Pahrump, Nev. Nicki Amouri hands her camera to a friend, throws her arm over another and smiles wide as she leans in for a shot with the monument her class came to visit.
It's a typical field trip memento - except that Amouri is in a brothel. The monument is a fluffy, queen-sized bed in a Western-themed party room reserved for VIPs and big spenders.
Amouri was one of a dozen Randolph College students who toured the Chicken Ranch, a legal bordello in the desert 60 miles outside Las Vegas. Thursday's class trip, which included seminars from the working girls, capped a course on American consumption and "the ideas that consume us."
"I think it's fascinating, this is fun for me," said Amouri, a junior at the private liberal arts school in Lynchburg, Va., that until last year admitted only women. "Not many people get to do this."
Academic and media inquiries are daily occurrences at many of Nevada's 27 legal brothels. Some shy away from the scrutiny, others, like the Chicken Ranch, welcome the publicity.
"We're always open to trying to educate the public about legalized prostitution," said Chicken Ranch general manager Debbie Rivenburgh, who acknowledged this was the first class tour request she'd received in 21 years.
The brothel tour was a natural fit for a class that tells students "don't just study America - live it," said Julio Rodriguez, the director of the college's American Culture Program.
Each semester the course examines a strain of American culture and ends with a class trip. Past destinations included post-Katrina New Orleans, Walt Disney World and the Civil Rights Memorial Center in Montgomery, Ala.
This year's focus on Nevada started with a professor's interest in water rights and conservation. It grew to include discussions of the wedding and entertainment industries and, inevitably, prostitution.
Nevada is the only state where prostitution is legal. Brothels are allowed in 10 Nevada counties, though not in Las Vegas.
As part of their research, students were assigned "The Beauty Myth," by feminist author Naomi Wolf, "Fear and Loathing in Las Vegas," by Hunter S. Thompson, and a "20/20" episode on prostitution with Diane Sawyer, among other research, professors said.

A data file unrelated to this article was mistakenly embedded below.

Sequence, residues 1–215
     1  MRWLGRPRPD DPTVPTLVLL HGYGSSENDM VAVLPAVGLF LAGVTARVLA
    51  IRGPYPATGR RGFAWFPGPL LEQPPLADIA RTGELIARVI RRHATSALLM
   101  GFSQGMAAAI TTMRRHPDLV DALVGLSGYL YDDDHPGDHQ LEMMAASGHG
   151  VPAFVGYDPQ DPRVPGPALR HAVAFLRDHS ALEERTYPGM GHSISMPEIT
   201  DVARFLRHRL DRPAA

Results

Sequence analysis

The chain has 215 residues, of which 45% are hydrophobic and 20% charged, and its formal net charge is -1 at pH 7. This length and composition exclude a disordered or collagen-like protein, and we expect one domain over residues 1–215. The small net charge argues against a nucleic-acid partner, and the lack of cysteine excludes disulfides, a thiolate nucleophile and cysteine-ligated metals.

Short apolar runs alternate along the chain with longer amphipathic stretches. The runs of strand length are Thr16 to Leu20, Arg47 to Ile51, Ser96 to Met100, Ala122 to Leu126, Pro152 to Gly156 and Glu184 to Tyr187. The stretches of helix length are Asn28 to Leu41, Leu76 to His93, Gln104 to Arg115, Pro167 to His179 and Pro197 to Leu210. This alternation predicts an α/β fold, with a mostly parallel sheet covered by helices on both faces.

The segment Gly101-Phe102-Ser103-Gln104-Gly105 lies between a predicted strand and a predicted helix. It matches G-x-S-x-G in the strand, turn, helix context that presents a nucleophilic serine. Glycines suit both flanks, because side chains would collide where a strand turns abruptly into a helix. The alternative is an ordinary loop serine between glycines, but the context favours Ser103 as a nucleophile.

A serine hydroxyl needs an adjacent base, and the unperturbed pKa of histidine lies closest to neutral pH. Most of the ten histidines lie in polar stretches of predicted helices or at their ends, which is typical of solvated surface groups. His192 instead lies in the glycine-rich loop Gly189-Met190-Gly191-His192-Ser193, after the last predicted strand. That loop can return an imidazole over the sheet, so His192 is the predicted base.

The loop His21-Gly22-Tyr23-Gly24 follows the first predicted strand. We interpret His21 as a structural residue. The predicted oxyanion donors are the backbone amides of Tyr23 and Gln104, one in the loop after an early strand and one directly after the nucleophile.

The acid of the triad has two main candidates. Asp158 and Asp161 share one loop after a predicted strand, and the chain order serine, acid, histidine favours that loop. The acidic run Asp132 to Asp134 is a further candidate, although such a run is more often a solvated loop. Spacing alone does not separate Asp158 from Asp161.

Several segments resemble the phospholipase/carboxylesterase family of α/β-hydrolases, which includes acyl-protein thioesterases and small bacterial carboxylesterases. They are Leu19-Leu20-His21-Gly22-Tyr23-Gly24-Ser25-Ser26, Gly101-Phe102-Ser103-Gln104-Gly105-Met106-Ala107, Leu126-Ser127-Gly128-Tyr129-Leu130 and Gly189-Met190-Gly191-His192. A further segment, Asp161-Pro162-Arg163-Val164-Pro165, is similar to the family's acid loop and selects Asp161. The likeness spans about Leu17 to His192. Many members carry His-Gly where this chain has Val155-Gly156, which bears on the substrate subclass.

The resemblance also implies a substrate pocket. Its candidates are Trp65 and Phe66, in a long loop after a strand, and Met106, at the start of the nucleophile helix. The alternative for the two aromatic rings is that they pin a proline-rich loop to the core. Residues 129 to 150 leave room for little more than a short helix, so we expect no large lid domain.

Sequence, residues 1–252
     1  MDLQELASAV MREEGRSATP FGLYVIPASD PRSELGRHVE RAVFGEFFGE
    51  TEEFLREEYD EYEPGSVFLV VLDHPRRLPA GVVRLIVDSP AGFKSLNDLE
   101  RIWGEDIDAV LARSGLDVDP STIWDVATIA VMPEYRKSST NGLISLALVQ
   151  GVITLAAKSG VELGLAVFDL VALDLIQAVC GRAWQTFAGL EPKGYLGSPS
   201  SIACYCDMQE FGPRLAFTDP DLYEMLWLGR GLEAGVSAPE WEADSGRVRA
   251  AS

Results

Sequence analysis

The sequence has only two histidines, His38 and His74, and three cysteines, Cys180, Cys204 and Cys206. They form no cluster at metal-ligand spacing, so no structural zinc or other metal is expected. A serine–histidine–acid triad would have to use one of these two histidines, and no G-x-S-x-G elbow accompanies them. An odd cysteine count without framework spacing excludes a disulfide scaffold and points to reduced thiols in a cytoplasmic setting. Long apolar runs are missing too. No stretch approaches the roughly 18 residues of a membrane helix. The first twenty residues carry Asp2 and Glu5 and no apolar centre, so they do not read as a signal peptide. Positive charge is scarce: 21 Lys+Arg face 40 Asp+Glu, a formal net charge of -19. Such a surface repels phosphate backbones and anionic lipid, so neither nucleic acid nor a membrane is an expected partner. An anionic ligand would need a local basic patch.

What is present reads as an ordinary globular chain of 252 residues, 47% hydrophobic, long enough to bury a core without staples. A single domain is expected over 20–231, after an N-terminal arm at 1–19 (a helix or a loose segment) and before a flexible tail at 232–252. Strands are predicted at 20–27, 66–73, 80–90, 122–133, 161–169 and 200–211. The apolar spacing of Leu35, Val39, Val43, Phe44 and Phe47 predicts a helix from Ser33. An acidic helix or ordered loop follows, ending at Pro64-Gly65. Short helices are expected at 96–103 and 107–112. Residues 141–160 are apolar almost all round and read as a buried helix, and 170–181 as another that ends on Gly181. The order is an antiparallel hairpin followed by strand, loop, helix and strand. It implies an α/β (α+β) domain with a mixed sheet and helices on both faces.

"We gave them all the option to either opt out or express reservations privately. No one did," said Rodriguez, adding that he received no objections from parents or administrators.
Prostitutes at the Chicken Ranch had plenty of reservations. Most don't jump at the chance to talk to strangers about what they do, Rivenburgh said. They worry about friends or family finding out. They know how others see them. It can be uncomfortable.
"Ninety-nine percent of the working girls will not participate. Each woman's got her reason and her limitations," Rivenburgh said. "I couldn't have done better with the two that said yes, though."
Alexis, 38, and Alicia, "over 30," sat on white folding chairs in front of the young, earnest women in the brothel's Victorian-style parlor, usually the setting for the "lineup." They would not give their last names. The group took close notes as a handful of television cameras and reporters looked on.
Alexis talked about the job's flexibility and the free time it has allowed her to write a book about her life. Alicia wore a black-and-white gingham nighty and a tattoo on her left breast that read "Famous."
The job allows her to take care of her mother and grandmother. She's also in real estate.